The final thing we discussed was the holes that the Indians have entering next season. We talked, off the record, about how the team would go about filling those holes. One player we discussed was Lonnie Chisenhall, who I have very little hope for because he doesn’t walk and can’t hit lefties. When I told Bernie that I just don’t see him getting it, he shook his head. “Within the next two years, he’ll get it,” he answered. I gave my rebuttal and he simply replied, “I like his swing.” We agreed that he’s not good enough at third base defensively, but Bernie made it clear how much he likes his swing.

The Chisenhall discussion is another example of sabermetrics versus the eye test. I see a guy who makes too many outs since he doesn’t walk. His fielding metrics are poor. All of the stats say he’s a platoon player at best. But, Bernie’s watched a lot more baseball than I have. He sees something there. He sees Chisenhall’s hit tool and thinks it can still blossom. I’ll defer to the man who has watched a lot more baseball than I have and I’ll hope and pray that Bernie will be right.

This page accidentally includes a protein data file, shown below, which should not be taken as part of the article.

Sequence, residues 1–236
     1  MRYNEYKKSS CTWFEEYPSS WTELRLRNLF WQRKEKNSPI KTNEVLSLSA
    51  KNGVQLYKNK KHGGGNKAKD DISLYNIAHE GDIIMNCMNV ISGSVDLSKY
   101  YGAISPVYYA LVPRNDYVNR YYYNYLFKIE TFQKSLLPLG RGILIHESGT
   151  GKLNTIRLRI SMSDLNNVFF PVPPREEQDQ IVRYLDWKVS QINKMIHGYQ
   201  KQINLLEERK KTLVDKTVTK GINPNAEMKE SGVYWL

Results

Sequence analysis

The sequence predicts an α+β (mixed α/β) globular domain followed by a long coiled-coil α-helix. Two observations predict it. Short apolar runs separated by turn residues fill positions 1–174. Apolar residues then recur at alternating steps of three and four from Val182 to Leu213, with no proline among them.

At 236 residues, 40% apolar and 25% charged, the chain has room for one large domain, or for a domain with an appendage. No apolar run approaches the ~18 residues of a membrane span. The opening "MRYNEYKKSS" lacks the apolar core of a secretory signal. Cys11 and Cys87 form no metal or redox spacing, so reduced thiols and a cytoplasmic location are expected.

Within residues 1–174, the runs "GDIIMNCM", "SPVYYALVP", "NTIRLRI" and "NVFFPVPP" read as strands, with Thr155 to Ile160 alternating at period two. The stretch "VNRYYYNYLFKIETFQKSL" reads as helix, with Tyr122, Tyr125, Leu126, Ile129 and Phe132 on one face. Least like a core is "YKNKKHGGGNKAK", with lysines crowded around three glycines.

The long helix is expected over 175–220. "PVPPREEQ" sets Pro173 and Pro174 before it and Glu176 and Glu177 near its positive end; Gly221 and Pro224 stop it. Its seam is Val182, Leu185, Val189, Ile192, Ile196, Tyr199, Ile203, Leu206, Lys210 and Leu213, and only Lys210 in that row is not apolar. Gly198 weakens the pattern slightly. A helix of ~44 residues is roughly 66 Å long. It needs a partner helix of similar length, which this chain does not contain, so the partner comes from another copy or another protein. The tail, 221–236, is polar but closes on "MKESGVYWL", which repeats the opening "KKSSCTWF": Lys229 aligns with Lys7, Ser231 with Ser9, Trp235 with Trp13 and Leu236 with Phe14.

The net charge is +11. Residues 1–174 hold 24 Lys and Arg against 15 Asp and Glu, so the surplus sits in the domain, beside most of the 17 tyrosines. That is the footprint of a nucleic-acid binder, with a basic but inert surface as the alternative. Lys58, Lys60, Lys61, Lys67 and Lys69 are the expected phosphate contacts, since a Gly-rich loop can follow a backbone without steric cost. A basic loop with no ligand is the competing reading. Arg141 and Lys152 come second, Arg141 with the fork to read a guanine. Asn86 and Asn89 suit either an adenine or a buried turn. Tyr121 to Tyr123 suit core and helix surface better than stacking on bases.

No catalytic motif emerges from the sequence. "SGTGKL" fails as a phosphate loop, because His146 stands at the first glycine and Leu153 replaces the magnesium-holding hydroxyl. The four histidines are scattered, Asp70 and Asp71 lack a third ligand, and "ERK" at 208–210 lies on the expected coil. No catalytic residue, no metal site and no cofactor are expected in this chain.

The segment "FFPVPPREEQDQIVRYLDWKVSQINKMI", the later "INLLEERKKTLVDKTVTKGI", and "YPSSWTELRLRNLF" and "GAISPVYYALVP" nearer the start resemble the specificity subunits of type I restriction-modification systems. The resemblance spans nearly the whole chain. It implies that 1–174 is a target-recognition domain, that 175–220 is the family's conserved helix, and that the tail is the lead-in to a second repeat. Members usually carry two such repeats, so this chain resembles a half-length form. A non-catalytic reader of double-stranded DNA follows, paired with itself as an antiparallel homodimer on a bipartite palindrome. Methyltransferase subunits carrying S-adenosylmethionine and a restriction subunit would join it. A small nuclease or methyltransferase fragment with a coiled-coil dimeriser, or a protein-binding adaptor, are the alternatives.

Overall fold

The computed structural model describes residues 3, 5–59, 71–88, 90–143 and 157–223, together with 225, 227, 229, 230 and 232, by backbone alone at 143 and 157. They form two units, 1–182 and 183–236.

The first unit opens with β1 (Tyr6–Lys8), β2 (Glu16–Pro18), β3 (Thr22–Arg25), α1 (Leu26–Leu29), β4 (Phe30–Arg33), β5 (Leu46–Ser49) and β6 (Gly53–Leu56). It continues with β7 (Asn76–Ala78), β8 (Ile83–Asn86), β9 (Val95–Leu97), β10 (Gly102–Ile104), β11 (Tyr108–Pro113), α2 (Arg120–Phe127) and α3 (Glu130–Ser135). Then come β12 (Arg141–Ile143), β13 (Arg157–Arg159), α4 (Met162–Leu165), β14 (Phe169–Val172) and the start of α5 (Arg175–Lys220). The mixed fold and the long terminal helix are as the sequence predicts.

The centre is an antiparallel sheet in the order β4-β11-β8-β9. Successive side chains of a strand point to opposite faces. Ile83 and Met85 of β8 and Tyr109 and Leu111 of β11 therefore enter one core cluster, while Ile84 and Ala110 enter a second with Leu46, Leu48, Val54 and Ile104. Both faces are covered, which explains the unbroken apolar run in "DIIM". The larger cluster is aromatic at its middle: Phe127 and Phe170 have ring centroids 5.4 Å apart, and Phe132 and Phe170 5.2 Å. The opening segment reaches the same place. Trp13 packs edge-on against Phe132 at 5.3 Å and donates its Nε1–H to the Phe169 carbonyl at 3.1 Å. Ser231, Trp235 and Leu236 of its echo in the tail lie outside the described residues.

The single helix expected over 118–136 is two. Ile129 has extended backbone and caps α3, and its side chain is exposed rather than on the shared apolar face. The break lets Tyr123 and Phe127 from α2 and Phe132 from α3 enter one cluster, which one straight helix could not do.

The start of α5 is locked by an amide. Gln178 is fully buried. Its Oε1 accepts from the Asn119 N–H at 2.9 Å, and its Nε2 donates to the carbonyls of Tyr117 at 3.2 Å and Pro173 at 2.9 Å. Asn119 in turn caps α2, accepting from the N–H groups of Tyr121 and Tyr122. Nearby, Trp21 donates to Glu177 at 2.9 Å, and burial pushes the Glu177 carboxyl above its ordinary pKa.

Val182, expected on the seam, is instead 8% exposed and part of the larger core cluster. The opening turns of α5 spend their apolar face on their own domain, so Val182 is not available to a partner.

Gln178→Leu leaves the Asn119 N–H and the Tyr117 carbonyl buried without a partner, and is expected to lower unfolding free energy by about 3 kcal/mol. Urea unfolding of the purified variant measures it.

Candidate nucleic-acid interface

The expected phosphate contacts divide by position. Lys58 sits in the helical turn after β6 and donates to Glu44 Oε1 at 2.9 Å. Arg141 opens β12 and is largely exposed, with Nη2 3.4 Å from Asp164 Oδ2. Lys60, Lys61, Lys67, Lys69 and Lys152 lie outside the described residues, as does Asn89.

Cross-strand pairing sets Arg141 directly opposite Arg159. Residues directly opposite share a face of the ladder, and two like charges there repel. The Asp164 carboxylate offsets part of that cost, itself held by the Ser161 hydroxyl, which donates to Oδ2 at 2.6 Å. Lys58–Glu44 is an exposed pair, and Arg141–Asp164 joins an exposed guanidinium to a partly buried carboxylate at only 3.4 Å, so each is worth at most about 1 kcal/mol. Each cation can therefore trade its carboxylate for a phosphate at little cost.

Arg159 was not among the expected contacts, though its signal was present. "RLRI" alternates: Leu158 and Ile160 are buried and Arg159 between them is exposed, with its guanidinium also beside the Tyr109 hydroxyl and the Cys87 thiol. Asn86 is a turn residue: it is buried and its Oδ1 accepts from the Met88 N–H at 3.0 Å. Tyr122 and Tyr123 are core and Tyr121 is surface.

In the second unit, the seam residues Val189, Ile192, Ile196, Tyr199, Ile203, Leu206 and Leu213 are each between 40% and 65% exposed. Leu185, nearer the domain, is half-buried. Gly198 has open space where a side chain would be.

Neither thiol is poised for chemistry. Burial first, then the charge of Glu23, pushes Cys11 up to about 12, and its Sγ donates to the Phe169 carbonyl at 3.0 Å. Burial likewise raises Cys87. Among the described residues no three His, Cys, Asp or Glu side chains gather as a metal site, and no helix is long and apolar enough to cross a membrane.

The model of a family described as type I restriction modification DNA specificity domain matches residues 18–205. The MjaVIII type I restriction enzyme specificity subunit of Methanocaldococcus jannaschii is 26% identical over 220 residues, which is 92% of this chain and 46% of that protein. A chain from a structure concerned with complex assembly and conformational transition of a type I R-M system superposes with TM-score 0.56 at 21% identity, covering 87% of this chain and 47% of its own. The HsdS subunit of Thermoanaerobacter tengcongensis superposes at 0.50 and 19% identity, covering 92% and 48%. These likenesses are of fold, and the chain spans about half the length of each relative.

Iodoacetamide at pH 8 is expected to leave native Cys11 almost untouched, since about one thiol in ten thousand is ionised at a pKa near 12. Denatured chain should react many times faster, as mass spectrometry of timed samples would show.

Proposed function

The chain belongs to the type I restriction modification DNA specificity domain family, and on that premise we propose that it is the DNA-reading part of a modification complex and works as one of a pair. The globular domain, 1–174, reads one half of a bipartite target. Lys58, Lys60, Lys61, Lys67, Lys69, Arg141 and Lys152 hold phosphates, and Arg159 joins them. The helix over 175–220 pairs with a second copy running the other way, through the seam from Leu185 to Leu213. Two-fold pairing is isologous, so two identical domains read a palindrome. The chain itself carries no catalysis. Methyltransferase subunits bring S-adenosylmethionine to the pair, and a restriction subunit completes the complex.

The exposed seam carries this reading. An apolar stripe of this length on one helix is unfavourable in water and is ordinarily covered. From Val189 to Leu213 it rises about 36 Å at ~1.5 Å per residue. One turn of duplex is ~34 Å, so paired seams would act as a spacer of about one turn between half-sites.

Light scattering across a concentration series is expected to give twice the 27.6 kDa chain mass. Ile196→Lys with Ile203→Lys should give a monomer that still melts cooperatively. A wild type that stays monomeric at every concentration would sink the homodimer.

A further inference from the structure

One of the things I liked the most about Bernie is how clear it was that he loved talking about baseball. He was candid, open, honest, and even spoke off the record, even though we were talking in person for the first time. Bernie was actually in town for his high school reunion, which he admitted he would have not flown in for had the Indians not been in town. It was apparent that his life revolves around baseball and that’s clearly something that I can appreciate.

Something that will stick with me from our conversation happened within the first couple minutes of chatting. When I mentioned I was into sabermetrics, Bernie tapped his chest above his heart. He said nothing more. There is a sabermetric stat for almost everything, except for the one thing that still makes the game entirely human. Sabermetrics don’t measure heart.

Follow Bernie on Twitter, @BerniePleskoff

(Author’s note: A sincere thank you to Bernie for allowing parts of our chat to be included in this column and for taking the time to meet with me to talk baseball, the game that we both love.)